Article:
Dual Capacity Doctrine
What may happen in MCOs is a variant on the dual capacity doctrine. The dual capacity doctrine evolved as an aspect of workers’ compensation law. A worker who is injured by a fellow workers’ negligence is usually limited to a worker’s compensation recovery. Some courts created an exception to this rule if the negligent worker was a licensed professional who was expected to exercise independent judgment: “According to the dual-capacity doctrine, an employer who is generally immune from tort liability may become liable to his employee as a third- party tortfeasor; if he occupies, in addition to his capacity as employer, a second capacity that confers on him obligations independent of those imposed on him as an employer.” [ Weber v. Armco, Inc., 663 P.2d 1221 (Okla. 1983).] Physicians have been specific targets of this doctrine, based on their independent license and duties to the patient. [Glenn. Employer’s Liability to Employee for Malpractice of Physician Supplied by Employer, 16 A.L.R. 3d 564 (1968 & Supp. 1996).]
The issue will not be a workers’ compensation bar, but the unwillingness, or in the case of ERISA plans, inability of the courts to hold MCOs responsible for decisions to deny care. As plaintiffs search for additional defendants, especially those whom they can portray as concerned only with the bottom line, they will sue physician medical directors and other physician administrators in MCOs. The courts may hold as follows: “Once a physician, always a physician”—that is, every physician who reviews the patient’s care or chart, or supervises those that do, or in any other way has the authority to affect care decisions, has independent liability for injuries to the patient. If the medical director’s compensation includes any component tied to reduction in services, the medical director would be in a Shea conflict of interest position.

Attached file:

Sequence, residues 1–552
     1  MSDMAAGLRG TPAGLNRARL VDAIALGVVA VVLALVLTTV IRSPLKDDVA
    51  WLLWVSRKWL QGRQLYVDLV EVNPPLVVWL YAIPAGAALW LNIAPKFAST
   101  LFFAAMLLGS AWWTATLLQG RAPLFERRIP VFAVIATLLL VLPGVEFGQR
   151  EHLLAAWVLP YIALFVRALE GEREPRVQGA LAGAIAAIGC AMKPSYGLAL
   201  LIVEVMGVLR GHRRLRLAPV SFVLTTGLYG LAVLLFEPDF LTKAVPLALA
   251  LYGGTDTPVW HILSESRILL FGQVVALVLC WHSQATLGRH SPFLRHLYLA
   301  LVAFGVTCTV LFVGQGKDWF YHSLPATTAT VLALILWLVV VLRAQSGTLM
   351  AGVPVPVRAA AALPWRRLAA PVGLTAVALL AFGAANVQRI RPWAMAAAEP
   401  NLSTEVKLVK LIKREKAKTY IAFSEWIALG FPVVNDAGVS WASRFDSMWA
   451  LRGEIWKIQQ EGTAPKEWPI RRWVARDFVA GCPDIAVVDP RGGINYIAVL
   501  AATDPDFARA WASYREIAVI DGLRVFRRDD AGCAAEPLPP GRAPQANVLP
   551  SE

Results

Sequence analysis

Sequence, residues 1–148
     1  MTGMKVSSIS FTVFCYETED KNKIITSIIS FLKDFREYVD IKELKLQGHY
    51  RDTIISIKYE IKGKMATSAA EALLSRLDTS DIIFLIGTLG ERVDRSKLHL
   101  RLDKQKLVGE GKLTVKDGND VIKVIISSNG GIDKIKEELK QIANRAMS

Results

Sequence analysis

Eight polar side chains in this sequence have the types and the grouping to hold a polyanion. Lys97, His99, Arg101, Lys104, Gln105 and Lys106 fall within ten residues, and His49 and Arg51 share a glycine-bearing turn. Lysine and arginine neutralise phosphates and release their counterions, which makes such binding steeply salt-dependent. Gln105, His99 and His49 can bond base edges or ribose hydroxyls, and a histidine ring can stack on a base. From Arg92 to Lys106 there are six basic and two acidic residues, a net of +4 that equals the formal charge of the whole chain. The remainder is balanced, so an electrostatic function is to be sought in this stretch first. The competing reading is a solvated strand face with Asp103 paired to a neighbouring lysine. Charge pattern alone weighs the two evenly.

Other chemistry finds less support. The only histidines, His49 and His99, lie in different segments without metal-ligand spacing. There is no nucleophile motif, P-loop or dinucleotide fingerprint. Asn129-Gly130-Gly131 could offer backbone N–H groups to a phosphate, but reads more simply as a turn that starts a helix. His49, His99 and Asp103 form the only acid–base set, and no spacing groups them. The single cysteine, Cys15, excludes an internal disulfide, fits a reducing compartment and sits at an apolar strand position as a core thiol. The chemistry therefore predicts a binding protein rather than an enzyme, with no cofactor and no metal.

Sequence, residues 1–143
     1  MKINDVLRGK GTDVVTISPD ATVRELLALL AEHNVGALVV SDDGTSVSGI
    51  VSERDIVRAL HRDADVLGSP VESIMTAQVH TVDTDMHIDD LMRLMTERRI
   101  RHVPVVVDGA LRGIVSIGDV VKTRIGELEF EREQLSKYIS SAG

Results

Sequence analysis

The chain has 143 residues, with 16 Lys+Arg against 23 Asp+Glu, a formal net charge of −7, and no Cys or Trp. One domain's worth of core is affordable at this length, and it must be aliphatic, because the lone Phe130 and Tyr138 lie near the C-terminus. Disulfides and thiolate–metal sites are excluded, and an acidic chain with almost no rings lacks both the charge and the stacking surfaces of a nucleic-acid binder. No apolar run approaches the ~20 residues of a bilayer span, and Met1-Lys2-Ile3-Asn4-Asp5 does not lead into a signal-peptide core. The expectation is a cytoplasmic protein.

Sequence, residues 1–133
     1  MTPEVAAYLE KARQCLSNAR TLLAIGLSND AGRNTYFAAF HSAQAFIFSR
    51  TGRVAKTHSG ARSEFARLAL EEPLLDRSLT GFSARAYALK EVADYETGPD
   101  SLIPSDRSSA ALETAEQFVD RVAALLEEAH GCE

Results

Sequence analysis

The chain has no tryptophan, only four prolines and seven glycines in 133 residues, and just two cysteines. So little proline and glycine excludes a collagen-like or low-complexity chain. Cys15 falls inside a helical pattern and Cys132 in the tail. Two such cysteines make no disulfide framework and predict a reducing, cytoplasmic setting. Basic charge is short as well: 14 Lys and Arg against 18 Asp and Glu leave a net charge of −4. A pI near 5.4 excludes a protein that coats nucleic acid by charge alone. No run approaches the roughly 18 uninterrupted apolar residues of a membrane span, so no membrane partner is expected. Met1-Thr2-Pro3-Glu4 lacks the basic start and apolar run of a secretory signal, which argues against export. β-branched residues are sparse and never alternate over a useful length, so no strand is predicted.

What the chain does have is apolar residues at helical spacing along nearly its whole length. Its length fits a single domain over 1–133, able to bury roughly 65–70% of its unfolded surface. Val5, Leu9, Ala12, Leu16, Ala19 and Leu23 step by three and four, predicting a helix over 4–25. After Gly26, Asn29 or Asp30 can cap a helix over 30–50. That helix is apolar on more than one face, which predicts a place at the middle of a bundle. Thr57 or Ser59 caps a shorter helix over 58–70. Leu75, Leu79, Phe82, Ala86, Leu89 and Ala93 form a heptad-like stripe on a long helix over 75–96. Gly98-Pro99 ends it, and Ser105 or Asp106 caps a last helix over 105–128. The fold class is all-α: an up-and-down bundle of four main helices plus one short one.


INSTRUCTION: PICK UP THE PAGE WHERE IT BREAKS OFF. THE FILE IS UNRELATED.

Such a judicial construct would be consistent with courts’ ambivalence about medicine as “just another business.” The physician’s role in MCOs should be as a conscience, ensuring that patients are properly treated. It is also the best posture to assume in attempting to convince courts to reject employment terms in MCO contracts that prevent physicians from exercising independent medical judgment.